Samuel Montgomery-Blinn is a busy man. The 33-year-old spends his days working as a software engineer for IBM. Upon returning to his Durham apartment, he spends the evening with his wife, Kendra, and their two young children. Then he retreats to a spare room to work on Bull Spec, the quarterly magazine he edits, designs and publishes with the help of a few friends.
Bull Spec celebrates its first birthday with the release of its fourth number on Jan. 12, with a launch party at the Regulator Bookshop in Durham. But chances are good you've never heard of it, perhaps because of its evasive purview. It represents a world where music can raise the dead, humans have colonized space and time travel is possible—and that's all just in the first issue.
Bull Spec features short fiction, essays, interviews, reviews, comics and even poetry, all of a fantastical bent. There's nothing quite like it in the Triangle—or even, by Montgomery-Blinn's reckoning, in the whole country. Many similar underground publications focus exclusively on one microgenre, honoring their roots in the specialized pulp magazines of the early 20th century. But Bull Spec encompasses them all under the modern rubric "speculative fiction," a catchall term for sci-fi, horror, epic fantasy, superheroes, sword-and-sorcery and alternate history.
The term, abbreviated as "spec-fic," finds a common thread in the diverse interests that comprise the tapestry of "fandom," as the culture is internally defined. Montgomery-Blinn identifies this commonality as a resistance to historical or modern veracity. "There has to be something fantastic," he explains, "either magic- or technology-based." Spec-fic also strives to escape the baggage of easily stereotyped genre fiction.
Upon its coining, spec-fic immediately began trying to gobble up works from history as well as recent ones. It includes unabashed pulp fiction, pulp fiction with delusions of grandeur and mainstream fiction whose themes resonate with fandom. It closely abuts magical realism, and can make a bid for literary works from David Foster Wallace's Infinite Jest and Nicholson Baker's The Fermata to Margaret Atwood's Oryx and Crake.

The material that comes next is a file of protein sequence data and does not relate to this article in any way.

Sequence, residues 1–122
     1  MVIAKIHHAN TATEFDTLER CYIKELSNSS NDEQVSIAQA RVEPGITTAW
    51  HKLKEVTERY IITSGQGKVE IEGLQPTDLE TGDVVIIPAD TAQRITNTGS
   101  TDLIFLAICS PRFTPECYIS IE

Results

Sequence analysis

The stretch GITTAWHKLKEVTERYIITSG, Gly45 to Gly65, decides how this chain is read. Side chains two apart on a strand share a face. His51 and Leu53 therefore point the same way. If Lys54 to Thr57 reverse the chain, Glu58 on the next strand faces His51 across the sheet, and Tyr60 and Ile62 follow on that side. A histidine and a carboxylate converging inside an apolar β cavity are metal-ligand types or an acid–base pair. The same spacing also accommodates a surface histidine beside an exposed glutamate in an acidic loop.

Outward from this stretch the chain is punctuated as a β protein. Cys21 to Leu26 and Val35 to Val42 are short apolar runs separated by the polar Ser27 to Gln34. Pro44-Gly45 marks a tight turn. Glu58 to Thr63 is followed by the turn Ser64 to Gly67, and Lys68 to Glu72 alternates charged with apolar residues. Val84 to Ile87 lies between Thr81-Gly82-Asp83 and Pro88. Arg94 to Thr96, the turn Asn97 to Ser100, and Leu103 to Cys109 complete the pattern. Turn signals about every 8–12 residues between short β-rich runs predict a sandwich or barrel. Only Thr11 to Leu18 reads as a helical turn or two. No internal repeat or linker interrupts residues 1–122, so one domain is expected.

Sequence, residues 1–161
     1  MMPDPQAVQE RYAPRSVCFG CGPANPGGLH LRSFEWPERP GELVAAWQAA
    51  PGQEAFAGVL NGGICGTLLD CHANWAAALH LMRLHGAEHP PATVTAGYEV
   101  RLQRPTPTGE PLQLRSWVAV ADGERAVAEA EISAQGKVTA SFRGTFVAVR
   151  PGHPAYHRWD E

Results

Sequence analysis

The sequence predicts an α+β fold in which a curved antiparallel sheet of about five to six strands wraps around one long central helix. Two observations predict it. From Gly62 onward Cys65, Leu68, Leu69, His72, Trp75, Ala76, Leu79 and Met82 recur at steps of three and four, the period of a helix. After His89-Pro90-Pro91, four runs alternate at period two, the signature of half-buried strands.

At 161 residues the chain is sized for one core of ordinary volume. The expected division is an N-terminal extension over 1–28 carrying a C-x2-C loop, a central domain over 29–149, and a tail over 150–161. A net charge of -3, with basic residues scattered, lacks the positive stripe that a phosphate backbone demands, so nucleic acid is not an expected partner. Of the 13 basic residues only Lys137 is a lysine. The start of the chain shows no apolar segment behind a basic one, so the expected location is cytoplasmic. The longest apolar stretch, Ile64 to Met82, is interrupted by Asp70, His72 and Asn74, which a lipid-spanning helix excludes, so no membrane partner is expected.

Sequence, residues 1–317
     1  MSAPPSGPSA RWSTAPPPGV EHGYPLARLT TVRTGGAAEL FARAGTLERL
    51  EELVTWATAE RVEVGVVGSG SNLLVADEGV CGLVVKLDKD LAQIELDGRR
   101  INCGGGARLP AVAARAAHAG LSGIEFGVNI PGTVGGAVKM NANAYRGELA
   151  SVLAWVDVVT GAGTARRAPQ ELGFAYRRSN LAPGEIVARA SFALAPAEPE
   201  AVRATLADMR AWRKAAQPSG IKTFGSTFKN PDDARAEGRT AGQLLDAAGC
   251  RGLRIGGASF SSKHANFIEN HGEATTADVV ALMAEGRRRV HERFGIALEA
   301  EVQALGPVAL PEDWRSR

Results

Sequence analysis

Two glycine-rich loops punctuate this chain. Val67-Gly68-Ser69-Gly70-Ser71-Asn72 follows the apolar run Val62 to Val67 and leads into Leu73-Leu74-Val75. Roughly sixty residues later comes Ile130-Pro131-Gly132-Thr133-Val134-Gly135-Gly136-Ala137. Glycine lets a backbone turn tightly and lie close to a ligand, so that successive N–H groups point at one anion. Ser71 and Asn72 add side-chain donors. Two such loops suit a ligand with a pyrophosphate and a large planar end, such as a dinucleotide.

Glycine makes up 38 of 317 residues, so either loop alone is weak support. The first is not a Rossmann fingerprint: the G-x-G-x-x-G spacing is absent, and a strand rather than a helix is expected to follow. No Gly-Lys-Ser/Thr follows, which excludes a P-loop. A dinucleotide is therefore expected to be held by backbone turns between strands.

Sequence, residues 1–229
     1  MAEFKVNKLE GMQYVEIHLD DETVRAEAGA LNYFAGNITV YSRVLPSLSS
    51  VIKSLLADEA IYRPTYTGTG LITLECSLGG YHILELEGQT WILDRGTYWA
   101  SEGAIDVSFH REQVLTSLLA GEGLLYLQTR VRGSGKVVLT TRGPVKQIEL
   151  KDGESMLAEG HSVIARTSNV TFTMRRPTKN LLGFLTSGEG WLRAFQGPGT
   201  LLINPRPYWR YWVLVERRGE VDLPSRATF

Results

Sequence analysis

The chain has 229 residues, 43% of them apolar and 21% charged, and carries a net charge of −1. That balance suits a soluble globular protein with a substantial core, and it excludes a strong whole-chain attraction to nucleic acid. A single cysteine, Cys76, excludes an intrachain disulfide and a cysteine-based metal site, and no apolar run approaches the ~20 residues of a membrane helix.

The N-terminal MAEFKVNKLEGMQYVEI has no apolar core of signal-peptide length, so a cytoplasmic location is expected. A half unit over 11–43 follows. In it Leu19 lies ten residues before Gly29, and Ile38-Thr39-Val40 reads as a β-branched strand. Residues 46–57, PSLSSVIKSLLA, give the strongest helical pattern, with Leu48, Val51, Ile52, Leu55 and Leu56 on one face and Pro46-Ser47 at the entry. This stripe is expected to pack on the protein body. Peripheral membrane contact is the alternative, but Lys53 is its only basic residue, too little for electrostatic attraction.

"We would definitely claim Borges for our own," says Montgomery-Blinn—though Borges, were he alive today, might be less willing to reciprocate. Spec-fic occupies an ambiguous space between genre fiction and general fiction—between "low" and "high" culture—and can get lost between bookstore sections.
"I'm glad you're using scare quotes around 'low' and 'high,'" Montgomery-Blinn said. "For me, speculative fiction is about carving out that middle ground."
He says the term was originated by Robert Heinlein "to distinguish himself from the old pulpy science fiction," and that unilateral aspiration toward upward mobility can still be inferred in the culture. But Montgomery-Blinn is not among the spec-fic proponents burdened with culture envy—his interest is in making it broader, not more elite.
"Some people use the term explicitly to mean more literary sci-fi and fantasy," he says. "Susanna Clarke's Jonathan Strange & Mr Norrell was one of those crossover hits that broke the genre demarcation that says, 'Don't go in here, serious readers.' While I'm publishing stuff that is more literary than the pulpier magazines would, I'm not looking for that next crossover smash—only good stories."
Montgomery-Blinn seems an unlikely avatar for fandom, breaking most of its stereotypes. A family man and a professional, he's affable and warm, with fully functioning social graces. He worked as a sports reporter for city papers in Indiana, where he grew up on a farm, enjoying fantasy by Tolkien, sci-fi by Heinlein and playing Dungeons & Dragons with his father, siblings and cousins. He did two years of pre-med at Purdue, but switched to computer science after he got into writing text and code for the online text-based fantasy worlds called MUDs. He's a far cry from the Slurpee-sucking Comic Book Guy of The Simpsons, fandom's enduring straw man.